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Subject:miracle help From:Steve Owens <uso01 -at- EAGLE -dot- UNIDATA -dot- COM> Date:Wed, 23 Mar 1994 09:55:09 +0700
> OK. I'm curious. We have developed a tool that we are using on our own
> stuff. I want to know if it would be marketable. In other words, how many
> of you would buy this and how much would you pay for it?
It probably could be marketable, depending upon details that aren't
in your post...
> The tool would allow you to use the word processing or desktop publishing
> package that you prefer.
This implies a markup language of some sort... are you thinking in
terms of a PC, MacIntosh, character-based UNIX, or Xwindows-based help
viewer?? I suspect you're not thinking in the broader context here.
> It would allow you to maintain a single source for written and
> on-line doc.
Always a good idea, but not necessarily automatable. The raw
information can be single-sourced, but different formatting and
organization work for hard vs. soft.
> It would not require the insertion of millions of hypertext links.
> It would not require mapping on a white board or posty notes.
This sounds like a very hypish marketing claim... without some
more tangible description of how it does this (i.e. "it provides full
context-sensitive text mapping" or "it uses an AI expert system to
create the links for you") I'd be very skittish of committing money to
> It would produce files that work with any on-line help viewer on any
Uhm... ANY viewer? ANY platform? There are a lot of viewers
out there, and a lot of platforms (our company supports our products on
20+ flavors of UNIX, a real fun task).
Here're the questions I had in mind recently when I was
researching online help solutions for our product:
1) is the viewer freely distributable?
2) will it work with our DTP package's native format (frame)?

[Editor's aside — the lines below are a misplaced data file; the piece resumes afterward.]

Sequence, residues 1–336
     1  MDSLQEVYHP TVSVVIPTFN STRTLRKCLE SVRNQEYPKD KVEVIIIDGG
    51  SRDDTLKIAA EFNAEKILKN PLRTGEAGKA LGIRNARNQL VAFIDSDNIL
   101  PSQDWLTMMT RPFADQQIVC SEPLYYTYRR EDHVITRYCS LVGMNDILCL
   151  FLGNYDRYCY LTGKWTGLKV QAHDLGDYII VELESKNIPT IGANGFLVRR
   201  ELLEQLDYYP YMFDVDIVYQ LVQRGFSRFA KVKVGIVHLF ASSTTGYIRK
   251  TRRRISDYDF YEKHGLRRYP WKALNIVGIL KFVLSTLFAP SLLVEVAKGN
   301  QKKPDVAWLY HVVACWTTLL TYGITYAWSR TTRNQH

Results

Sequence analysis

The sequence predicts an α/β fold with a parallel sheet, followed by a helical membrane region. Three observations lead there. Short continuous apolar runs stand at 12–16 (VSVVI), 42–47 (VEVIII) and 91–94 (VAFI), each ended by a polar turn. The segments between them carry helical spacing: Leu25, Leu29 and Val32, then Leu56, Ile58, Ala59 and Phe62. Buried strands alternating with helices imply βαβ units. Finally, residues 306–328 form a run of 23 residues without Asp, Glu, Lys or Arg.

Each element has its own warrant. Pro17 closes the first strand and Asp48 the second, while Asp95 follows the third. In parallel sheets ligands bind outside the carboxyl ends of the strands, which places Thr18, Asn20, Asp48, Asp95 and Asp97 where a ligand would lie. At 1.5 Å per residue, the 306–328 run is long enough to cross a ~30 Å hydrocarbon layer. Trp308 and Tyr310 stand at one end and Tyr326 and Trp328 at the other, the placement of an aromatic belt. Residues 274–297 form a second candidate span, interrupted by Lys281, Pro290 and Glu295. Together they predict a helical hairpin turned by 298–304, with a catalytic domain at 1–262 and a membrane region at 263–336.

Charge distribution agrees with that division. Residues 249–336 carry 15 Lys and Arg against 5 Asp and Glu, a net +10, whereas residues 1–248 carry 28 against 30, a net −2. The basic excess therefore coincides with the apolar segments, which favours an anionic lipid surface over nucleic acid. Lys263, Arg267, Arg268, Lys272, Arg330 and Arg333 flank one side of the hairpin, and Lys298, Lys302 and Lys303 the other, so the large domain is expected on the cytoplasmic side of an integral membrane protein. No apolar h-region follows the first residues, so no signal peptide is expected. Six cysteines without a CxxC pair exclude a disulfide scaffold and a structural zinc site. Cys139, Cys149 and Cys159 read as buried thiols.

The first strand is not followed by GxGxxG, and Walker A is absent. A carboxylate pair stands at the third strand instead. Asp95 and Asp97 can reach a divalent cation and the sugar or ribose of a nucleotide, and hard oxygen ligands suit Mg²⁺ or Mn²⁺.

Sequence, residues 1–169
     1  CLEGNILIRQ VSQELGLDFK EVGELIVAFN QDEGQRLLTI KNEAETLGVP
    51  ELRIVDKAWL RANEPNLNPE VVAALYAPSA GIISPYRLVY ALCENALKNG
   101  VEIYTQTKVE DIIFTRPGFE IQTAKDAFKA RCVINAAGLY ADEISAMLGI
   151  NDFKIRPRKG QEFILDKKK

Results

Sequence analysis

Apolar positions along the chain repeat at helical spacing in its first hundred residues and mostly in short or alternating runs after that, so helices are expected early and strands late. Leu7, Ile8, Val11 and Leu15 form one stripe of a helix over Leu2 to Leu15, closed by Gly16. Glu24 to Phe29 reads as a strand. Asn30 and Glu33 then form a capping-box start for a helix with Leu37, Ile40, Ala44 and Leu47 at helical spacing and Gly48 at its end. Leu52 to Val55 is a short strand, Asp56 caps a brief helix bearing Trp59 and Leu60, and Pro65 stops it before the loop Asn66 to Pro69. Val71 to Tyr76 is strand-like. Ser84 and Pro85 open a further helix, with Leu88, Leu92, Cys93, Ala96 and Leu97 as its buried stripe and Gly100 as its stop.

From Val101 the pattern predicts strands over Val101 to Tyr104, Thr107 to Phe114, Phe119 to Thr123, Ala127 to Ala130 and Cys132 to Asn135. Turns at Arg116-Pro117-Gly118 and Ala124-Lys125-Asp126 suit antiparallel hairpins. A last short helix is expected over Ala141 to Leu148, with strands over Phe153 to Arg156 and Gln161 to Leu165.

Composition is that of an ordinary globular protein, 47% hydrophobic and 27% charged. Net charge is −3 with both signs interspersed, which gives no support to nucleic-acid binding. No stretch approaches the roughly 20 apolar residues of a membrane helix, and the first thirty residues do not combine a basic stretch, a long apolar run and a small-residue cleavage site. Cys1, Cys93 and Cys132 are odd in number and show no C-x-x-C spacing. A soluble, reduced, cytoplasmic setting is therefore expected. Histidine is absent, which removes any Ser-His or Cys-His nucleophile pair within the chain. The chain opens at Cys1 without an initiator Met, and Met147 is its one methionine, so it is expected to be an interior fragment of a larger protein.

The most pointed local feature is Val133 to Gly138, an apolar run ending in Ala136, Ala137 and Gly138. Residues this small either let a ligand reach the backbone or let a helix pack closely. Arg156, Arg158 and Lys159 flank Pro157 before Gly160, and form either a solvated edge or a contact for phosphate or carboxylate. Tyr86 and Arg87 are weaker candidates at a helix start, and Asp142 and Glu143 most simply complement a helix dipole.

3) does it provide a sufficiently robust set of interconnections
(hyperlinks, whatever you wanna call them) in the text?
4) is the interface smooth?
5) is it available on the platforms we need it on?
6) can we easily tie it into our application?
7) will it work with a character-based (i.e. vt100) viewer?
That last one is kind of particular to our market, since a lot
of our customers are still working with old-fashioned vt100 terminals,
but it's probably still a valid concern for a lot of people out there.
The issue of a distributable viewer is a big one - if each
user has to pay $300-500 a pop then there's no way we (or they) can
afford to distribute it with our package. Compatibility is also a big
deal - if we have to triple our work to support a second format, we're
not going to be happy. Platform support is crucial - if we can't put
it on all of the platforms our product goes on, we might as well not
have it - but UNIX platform differences aren't as severe as MAC to DOS
or Windows differences.
The robustness of the links, the interface, how well it
integrates with our software, they're all considerations, but getting
a product that passes all the other tests is so rare that we really
don't often get a chance to take these into account (as long as
they're basically usable).